‘It’s wrong for Assembly Members to make electoral promises’

Dr Oduro Osae, a local governance expert, has cautioned that the inability of elected assembly members to fulfill campaign promises may result in their recall by the Electoral Commission (EC).

He explained that assembly members could be recalled by the EC should 30 per cent or more of their electorate file a petition to the Commission for non-performance, it is not right for assembly members to make huge promises because they don’t have the financial capacity or the authority to do so.

“The promises some assembly members make should be scrutinised because they make huge promises,  as an assembly member, your main duty is to facilitate development by communicating the needs of the people to the assembly and ensure the assembly meets those needs.

“But they make huge promises which they can’t fulfill, we have to educate them it’s not right to make huge promises because if they are unable to fulfill them, the electorate can have them recalled by petitioning the Commission,” Dr Osae warned.

He blamed the low turnout for district assembly elections on non-participation of mobilisation institutions in local level elections, involvement of mobilisation institutions like political parties would help increase voter turnout during district assembly elections, saying “participation of political parties in district assembly elections is best way to whip up interest and enthusiasm in district level elections”.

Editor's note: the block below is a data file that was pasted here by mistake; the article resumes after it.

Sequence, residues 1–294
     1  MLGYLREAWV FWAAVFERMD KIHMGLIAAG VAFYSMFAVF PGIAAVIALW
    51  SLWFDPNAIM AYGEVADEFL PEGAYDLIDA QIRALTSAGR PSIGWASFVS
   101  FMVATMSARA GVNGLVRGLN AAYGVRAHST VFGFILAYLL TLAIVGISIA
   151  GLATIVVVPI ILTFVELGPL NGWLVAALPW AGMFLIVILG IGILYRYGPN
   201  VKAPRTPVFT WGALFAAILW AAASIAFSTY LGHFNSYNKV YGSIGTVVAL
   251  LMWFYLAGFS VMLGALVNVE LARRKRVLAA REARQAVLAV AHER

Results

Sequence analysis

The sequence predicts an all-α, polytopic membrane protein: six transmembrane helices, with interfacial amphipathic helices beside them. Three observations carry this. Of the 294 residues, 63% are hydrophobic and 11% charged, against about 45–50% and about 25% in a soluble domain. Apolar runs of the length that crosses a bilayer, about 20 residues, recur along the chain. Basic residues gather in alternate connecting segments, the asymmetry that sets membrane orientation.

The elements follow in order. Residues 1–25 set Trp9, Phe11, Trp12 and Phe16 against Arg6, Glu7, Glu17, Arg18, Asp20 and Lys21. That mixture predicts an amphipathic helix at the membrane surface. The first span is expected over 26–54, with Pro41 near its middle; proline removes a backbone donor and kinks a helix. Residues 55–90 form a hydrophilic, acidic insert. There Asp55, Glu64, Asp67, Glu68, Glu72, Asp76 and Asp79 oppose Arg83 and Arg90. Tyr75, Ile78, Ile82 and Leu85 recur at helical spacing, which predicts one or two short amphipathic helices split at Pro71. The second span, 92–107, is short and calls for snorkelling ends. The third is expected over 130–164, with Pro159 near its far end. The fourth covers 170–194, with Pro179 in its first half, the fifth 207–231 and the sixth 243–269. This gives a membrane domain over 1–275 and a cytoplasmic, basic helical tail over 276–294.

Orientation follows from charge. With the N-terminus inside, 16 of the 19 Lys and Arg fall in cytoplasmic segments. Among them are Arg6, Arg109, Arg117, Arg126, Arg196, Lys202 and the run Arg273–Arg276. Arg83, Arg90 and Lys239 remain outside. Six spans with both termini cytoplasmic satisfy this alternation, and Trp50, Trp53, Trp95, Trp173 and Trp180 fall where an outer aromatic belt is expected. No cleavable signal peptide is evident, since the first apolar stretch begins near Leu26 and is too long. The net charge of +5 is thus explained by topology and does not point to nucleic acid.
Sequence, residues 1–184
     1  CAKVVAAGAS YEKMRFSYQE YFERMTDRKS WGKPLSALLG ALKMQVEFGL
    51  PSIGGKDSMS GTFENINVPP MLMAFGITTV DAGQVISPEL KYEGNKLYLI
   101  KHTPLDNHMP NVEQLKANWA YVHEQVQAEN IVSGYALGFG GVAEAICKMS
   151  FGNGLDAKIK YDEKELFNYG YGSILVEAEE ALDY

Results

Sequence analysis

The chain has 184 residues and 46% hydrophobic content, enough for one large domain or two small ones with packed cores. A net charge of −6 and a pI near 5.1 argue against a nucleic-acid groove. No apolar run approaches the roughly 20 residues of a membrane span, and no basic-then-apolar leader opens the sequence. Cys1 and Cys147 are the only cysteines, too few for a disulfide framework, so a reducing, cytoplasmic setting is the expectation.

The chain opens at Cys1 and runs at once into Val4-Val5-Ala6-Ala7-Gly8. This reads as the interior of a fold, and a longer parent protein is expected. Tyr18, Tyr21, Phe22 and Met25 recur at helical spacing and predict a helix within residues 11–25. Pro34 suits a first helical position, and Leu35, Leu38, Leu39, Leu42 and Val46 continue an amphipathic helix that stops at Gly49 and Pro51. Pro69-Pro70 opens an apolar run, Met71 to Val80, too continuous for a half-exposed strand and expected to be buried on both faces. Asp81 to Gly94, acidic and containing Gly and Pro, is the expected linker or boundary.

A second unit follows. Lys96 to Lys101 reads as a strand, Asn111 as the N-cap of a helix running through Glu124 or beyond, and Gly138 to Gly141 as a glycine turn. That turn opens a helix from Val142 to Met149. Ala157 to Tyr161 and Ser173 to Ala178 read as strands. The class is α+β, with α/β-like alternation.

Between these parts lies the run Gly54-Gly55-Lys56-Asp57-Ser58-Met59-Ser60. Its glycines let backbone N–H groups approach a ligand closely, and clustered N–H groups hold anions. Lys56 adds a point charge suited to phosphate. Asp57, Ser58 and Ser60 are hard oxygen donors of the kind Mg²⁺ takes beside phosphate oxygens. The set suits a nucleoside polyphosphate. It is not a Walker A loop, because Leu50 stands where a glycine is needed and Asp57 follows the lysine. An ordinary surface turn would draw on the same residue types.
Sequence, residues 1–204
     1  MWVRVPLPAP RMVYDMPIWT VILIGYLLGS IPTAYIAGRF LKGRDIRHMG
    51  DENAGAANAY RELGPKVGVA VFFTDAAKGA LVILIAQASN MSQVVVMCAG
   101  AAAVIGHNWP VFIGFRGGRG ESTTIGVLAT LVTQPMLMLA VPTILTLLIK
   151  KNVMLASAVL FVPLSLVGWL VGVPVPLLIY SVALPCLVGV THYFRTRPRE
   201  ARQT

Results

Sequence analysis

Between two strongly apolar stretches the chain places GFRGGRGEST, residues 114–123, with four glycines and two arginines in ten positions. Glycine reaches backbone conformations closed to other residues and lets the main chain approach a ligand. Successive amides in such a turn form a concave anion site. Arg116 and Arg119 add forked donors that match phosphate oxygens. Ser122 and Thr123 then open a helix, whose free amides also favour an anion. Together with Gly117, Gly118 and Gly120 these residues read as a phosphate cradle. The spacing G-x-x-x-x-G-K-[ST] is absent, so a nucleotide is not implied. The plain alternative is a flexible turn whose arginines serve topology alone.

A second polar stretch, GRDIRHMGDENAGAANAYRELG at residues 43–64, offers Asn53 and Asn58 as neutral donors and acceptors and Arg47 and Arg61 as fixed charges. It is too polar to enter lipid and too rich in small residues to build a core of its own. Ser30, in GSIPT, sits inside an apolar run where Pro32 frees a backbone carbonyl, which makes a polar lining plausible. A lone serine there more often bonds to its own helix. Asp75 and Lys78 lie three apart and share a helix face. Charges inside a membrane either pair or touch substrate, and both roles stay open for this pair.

Asked if the day for local level elections can be declared national holiday or added to general election to increase voter turnout, Dr Osae indicated that “although that can be done, that is no guarantee majority of the citizenry will go and vote in district level elections.   

“We can’t declare it a holiday to increase participation because national election is not a holiday, there is no proof the electorate will go and vote on that day, also, to add district level elections to national elections, the 1992 Constitution will have to be amended because it states that there should be an interval of six months between local and national elections,” he maintained.

Voter turnout statistics made available to the public by the EC, indicated that since 1994, voter turnout in the district assembly elections has persistently declined, a phenomenon some people have attributed to the lack of interest by the citizenry in assembly elections. -adomonline.com   

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